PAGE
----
With the queer premise of an offbeat high school drama teacher putting on a controversial musical adaptation of Shakespeare’s classic tragedy featuring song titles like “Rock Me Sexy Jesus” and “Gay as the Day is Long,” is it any wonder why Hamlet 2 earned the Audience Award at July’s Outfest Film Festival in Los Angeles?
“Although the reaction to the movie has been very enthusiastic from virtually everyone, the reaction of the gay community has been extra enthusiastic,” says Steve Coogan, who plays failed actor-turned-failing teacher Dana Marschz alongside stars like Amy Poehler, Catherine Keener, David Arquette and Elisabeth Shue. “It doesn’t surprise me that the gays have responded so well. Aside from the fact that it’s about theater, creativity and passion, I think the reason the film has resonated is because Dana is a very emotionally open person. You don’t often get a protagonist like that in a film: someone who wears his heart on his sleeve.”
“And there’s a gay in it,” adds out director and co-writer Andrew Fleming, referring to the resident class queen played by Broadway’s Spring Awakening alum Skylar Astin. Yet despite common stereotypes of small-town drama teachers, Fleming (who wrote Hamlet 2 with Pam Brady, a longtime collaborator of South Park duo Trey Parker and Matt Stone) decided to make Dana heterosexual, though certainly far from butch.
“I didn’t want to make Dana gay because I didn’t want it to become just about him being gay,” continues Fleming, who first came to LGBT filmgoers’ attention as writer and director of the 1994 comedy Threesome before co-writing and directing The Craft and Dick. “But those theater guys, even when they’re straight, still have this kind of flamboyance where they’re like, ‘I don’t care what people think of me.’ So we were definitely going for that fem-het thing.”
“The two of us did not want him to be that super camp, limp-wristed thing that I’ve seen done to death and find a bit tiresome,” says Coogan, a British comedian best known stateside for his roles in Night at the Museum, Tristam Shandy: A Cock and Bull Story and, most recently, Tropic Thunder. “But we didn’t want to go the other way either. We did want him to have a feminine quality. He’s what you call a 100% metrosexual.”
Coogan explored a similarly honest yet respectful balance of masculine and feminine traits when he played Lisa Kudrow’s gay stepbrother in Don Roos’ 2005 film Happy Endings. “Sometimes if a straight actor plays a gay man, he thinks that he has to have no feminine qualities at all to avoid the stereotype, and that’s not truthful,” he observes. “Obviously you don’t want to be seen as prejudice or homophobic, and I think actors panic about that. I’ve seen straight actors playing gay, and they don’t do anything overtly gay apart from the fact they’ve got a boyfriend.”
It’s safe to say that Coogan’s Dana acts stereotypically gayer than most modern gay characters, even after the filmmakers took him down a nelly notch. “There was a plotline where the kids think that he’s gay for a while, but it just felt like a cliché,” reveals Fleming, who also describes a shot but ultimately scrapped threesome scene with Dana and the characters played by Keener and Arquette: “It’ll be on the DVD extras.”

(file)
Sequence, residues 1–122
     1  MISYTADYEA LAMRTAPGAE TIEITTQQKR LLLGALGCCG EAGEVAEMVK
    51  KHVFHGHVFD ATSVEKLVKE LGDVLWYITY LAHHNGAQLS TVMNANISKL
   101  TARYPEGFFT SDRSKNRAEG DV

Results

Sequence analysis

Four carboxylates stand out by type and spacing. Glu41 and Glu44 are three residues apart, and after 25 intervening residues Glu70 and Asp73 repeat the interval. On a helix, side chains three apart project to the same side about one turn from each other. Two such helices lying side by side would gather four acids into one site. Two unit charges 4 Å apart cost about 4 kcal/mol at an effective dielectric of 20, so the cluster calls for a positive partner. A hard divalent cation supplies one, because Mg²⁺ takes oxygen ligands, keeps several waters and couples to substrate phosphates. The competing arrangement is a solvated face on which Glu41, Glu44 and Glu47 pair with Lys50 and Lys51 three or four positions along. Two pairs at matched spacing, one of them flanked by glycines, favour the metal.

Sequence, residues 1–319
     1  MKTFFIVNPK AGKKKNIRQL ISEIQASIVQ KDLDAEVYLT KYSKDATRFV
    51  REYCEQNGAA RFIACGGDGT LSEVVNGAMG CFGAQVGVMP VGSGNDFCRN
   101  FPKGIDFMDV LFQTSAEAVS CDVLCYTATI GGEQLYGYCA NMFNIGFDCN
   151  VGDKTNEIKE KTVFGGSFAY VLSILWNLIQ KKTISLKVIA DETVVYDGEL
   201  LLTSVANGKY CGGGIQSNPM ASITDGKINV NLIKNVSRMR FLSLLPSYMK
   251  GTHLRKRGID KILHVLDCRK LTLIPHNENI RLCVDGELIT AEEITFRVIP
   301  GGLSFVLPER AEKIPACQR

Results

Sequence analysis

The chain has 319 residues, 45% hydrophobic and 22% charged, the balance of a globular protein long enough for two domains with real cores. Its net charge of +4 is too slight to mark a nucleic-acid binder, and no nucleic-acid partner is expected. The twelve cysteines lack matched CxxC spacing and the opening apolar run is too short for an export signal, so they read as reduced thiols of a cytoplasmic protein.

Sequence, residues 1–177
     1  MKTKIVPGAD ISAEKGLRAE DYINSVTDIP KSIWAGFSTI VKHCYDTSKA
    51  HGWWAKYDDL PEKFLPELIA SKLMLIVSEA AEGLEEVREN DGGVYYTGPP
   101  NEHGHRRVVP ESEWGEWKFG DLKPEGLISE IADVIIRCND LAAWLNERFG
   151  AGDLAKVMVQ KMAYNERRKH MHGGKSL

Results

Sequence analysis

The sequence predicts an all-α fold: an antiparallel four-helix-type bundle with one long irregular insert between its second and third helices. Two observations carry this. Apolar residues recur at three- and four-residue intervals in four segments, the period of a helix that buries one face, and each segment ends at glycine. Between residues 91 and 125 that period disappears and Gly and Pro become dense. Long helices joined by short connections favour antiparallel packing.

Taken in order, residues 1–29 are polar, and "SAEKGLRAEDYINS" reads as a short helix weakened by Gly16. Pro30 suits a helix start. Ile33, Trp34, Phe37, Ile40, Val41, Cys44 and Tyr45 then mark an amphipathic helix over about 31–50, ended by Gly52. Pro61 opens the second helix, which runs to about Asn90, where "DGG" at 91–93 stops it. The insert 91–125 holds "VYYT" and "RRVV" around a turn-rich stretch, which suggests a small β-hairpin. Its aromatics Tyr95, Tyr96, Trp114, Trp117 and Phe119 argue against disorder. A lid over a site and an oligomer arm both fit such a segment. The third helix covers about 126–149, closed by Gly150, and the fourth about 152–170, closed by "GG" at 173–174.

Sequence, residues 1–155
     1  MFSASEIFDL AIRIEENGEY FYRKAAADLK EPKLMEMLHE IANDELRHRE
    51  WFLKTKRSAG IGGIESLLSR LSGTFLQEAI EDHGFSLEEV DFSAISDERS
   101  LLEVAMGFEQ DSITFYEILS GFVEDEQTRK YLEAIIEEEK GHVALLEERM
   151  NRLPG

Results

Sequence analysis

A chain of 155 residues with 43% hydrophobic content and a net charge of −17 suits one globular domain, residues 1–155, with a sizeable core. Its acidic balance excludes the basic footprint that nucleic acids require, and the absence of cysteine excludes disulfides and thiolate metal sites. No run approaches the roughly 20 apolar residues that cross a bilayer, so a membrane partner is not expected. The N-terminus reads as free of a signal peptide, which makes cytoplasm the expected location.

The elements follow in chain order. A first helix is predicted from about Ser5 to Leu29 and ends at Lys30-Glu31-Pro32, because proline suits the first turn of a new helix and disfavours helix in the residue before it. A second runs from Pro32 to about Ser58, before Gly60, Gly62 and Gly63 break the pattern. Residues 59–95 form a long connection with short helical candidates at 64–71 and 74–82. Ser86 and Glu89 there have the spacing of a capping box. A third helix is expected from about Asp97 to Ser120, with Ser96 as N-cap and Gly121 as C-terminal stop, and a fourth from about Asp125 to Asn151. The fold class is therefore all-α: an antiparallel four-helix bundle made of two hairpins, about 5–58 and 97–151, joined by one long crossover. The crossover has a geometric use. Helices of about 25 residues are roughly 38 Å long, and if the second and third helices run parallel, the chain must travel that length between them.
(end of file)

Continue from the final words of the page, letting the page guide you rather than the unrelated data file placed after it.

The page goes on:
Fittingly, Coogan, though secure in his own heterosexuality, has comfortably indulged himself from a very young age. “I was never into sports; I was into film, television, acting and being characters, and I also liked to play in the Wendy house,” he shares. “You’re probably going to tell me I’m a closet gay now, but I’m not! But I wonder whether people thought I was gay, because when my brother would go off exploring, I would prefer to sit with my mum and her friend and listen to them gossip. I like to think I’m still in touch with my feminine side. If you’re hung up on being perceived as a red-blooded heterosexual, then you probably won’t be a very good actor; you have to be open to all aspects of your personality. I really don’t give a damn about being perceived in a macho way.”
Though not concerned with how people might view his sexuality, his body — described in Hamlet 2 as a fine swimmer’s build while he rocks a wifebeater as “Sexy Jesus” — is another story entirely. “Although I talk about my art and everything, the truth is that the first thing I think about when I see myself on screen is that my face looks fat,” admits Coogan, who watched his diet during filming but ate a giant bowl of pasta the moment they wrapped. “Even though I’m not as trim as I should be — and I’m not particularly proud of this — there’s a narcissistic streak that I’m very aware of. I try to perfect that unstudied look — when you go out in the evening looking like everything was just thrown on, but of course there’s a lot of careful thought that has gone into it.”
Coogan suggests that the same metrosexuality showcased in Hamlet 2 appeals not only to his queer fan base, but also to his significant other. “You know the girls who hang around with gay guys because they have a certain commonality of taste? Well, I said to my girlfriend, ‘Look, you should be really pleased that I like furniture, design and clothes — and yet you can have sex with me.’”
HX, September 2008; extended online version.